Nick Allen in Warsaw -
What is it with international martial arts, boxing and wrestling stars and Russia? A growing number of accomplished ‘heavies’ have been caught in the country’s tractor beam, with a wave of movie and music stars close behind them. Some even took Russian citizenship, earning the wrath of Ukraine in the process.
President Vladimir Putin personally just accelerated the issue of a Russian passport to legendary US boxer Roy Jones Jnr. "If you plan to link a large part of your life with activity in Russia, then of course we will be glad, and we will with pleasure grant your request regarding Russian citizenship," Putin told Jones at a meeting in August (pictured below). Within days the boxer became a fellow countryman.
Putin will also have the deciding word in fast-track citizenship now sought by 44-year-old American mixed martial arts fighter Jeff Monson, nicknamed the Snowman. As well as a shared passion for physical training and combat (Putin is a judo black belt and has watched Monson fight from the ringside), the celeb's body art may also help his case: His many tattoos include two in Russian saying svoboda (freedom) and solidarnost (solidarity), a Soviet hammer and sickle, and the latest addition done earlier this year in a Moscow salon – a tattoo running up his thigh depicting the giant “The Motherland Calls” monument in the Russian city of Volgograd, which commemorates the Soviet victory at the WWII Battle of Stalingrad. Plus the Minnesotan says he feels "Russian in spirit".
Meanwhile, "Taxi" French movie star Samy Naceri is another who has said he wouldn't mind a Russian passport.
Russia’s liberal tax regime is obviously one big draw. While the subject is not discussed much in public, it shimmers behind the compliments the big names heap on the country and Kremlin boss in equal measure.
French actor Gerard Depardieu received Russian citizenship in 2013 after fleeing France in protest at proposals for a 75% tax rate there. Although most Russians pay a flat tax rate of 13%, Depardieu reportedly pays a special 6% rate that applies to entrepreneurs with an annual income of less than €1.73mn. Other famous Western recipients of Russian citizenship would likely land the same bonus, since most will have business interests as well as a cabinet full of sporting or acting trophies.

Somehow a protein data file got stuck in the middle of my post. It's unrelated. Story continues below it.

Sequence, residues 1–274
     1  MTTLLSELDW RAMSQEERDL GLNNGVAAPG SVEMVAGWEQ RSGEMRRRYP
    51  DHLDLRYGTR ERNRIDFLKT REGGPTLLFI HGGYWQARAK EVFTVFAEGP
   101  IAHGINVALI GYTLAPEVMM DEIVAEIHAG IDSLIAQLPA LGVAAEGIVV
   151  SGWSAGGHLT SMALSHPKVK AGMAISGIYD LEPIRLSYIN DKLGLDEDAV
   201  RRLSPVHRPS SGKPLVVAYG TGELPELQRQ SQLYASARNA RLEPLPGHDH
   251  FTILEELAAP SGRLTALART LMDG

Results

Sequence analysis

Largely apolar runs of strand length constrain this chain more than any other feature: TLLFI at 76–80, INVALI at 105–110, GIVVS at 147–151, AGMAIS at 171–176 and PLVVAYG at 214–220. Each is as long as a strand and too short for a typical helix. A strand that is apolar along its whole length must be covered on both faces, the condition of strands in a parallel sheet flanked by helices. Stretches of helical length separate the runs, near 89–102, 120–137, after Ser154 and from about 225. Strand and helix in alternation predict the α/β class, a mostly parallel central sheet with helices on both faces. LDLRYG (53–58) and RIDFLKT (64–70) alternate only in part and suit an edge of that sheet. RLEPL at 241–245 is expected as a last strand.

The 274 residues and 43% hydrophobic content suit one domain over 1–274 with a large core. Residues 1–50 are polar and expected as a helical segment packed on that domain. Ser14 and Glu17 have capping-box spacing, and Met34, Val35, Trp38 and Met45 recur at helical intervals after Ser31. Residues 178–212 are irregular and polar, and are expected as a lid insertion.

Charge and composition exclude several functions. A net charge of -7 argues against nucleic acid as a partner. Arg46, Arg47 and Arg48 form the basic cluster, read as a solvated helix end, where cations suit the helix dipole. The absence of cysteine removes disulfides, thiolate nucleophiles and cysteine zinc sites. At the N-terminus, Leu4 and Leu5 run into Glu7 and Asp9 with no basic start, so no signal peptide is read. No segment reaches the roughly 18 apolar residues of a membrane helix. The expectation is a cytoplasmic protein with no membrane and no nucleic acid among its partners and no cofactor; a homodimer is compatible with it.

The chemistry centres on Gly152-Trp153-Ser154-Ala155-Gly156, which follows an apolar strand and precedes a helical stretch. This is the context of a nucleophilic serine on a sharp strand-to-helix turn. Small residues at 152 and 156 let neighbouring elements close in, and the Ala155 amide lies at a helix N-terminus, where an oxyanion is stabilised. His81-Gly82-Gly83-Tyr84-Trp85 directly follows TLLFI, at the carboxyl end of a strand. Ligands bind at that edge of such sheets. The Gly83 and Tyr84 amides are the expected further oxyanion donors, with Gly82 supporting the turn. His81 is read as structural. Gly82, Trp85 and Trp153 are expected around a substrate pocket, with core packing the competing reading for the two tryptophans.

"I am sick and tired of France’s tax system. I don’t live in France but I keep paying taxes. I think I’ll now make the decision to sell all my property in this country, including my house and restaurants," Depardieu, 65, said in a recent interview with France’s TV Magazine weekly, adding that he felt “betrayed” in his native homeland.
Keep it light
Celebrity Russophiles also wisely tend to avoid the topic of politics and especially the Ukraine crisis, instead extolling the beauty of Russia’s landscapes, the warmth of its people and their strong sense of identity, and the generous welcome they get here.
Others like US heavyweight boxer Mike Tyson have been dropping in for years, in his case often as an honoured guest of controversial Chechen leader Ramzan Kadyrov, who is also a keen boxer and a lavish host (he gave Depardieu a large apartment in Grozny to entice him into spending more time there). And actor Mickey Rourke decided Moscow was just the place to reprise his own boxing past in 2014, wearing red trunks with a Russian flag to win his first match in 20 years at age 62. He has met Putin and wears a T-shirt with the president's face on it.
Those who combine fighting skills and big screen success seem to fare best of all. Aikido master and action movie star Steven Seagal is another pal of Putin’s (and Kadyrov's), occasionally appearing with the president at martial arts events, and popping up to exchange warm greetings at the recent Eastern Economic Forum in Vladivostok.
Not that he intends to apply for citizenship, he stresses, although he is of Jewish Russian ancestry. In March last year, as the world was reeling at Russia’s Crimea snatch, Seagal issued an urgent press statement to clarify his views on the Russian leader. “I have never said that President Putin was the ‘World’s Greatest Leader’, what I DID say was that President Putin was ONE of the World’s Great Leaders,” he emphasised.